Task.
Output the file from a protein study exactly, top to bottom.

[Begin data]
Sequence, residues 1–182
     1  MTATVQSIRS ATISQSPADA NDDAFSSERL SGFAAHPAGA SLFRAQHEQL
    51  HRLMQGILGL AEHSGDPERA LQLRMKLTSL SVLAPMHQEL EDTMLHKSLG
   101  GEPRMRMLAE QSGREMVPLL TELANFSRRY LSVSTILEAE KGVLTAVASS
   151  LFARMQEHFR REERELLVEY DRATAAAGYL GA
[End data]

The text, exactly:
Sequence, residues 1–182
     1  MTATVQSIRS ATISQSPADA NDDAFSSERL SGFAAHPAGA SLFRAQHEQL
    51  HRLMQGILGL AEHSGDPERA LQLRMKLTSL SVLAPMHQEL EDTMLHKSLG
   101  GEPRMRMLAE QSGREMVPLL TELANFSRRY LSVSTILEAE KGVLTAVASS
   151  LFARMQEHFR REERELLVEY DRATAAAGYL GA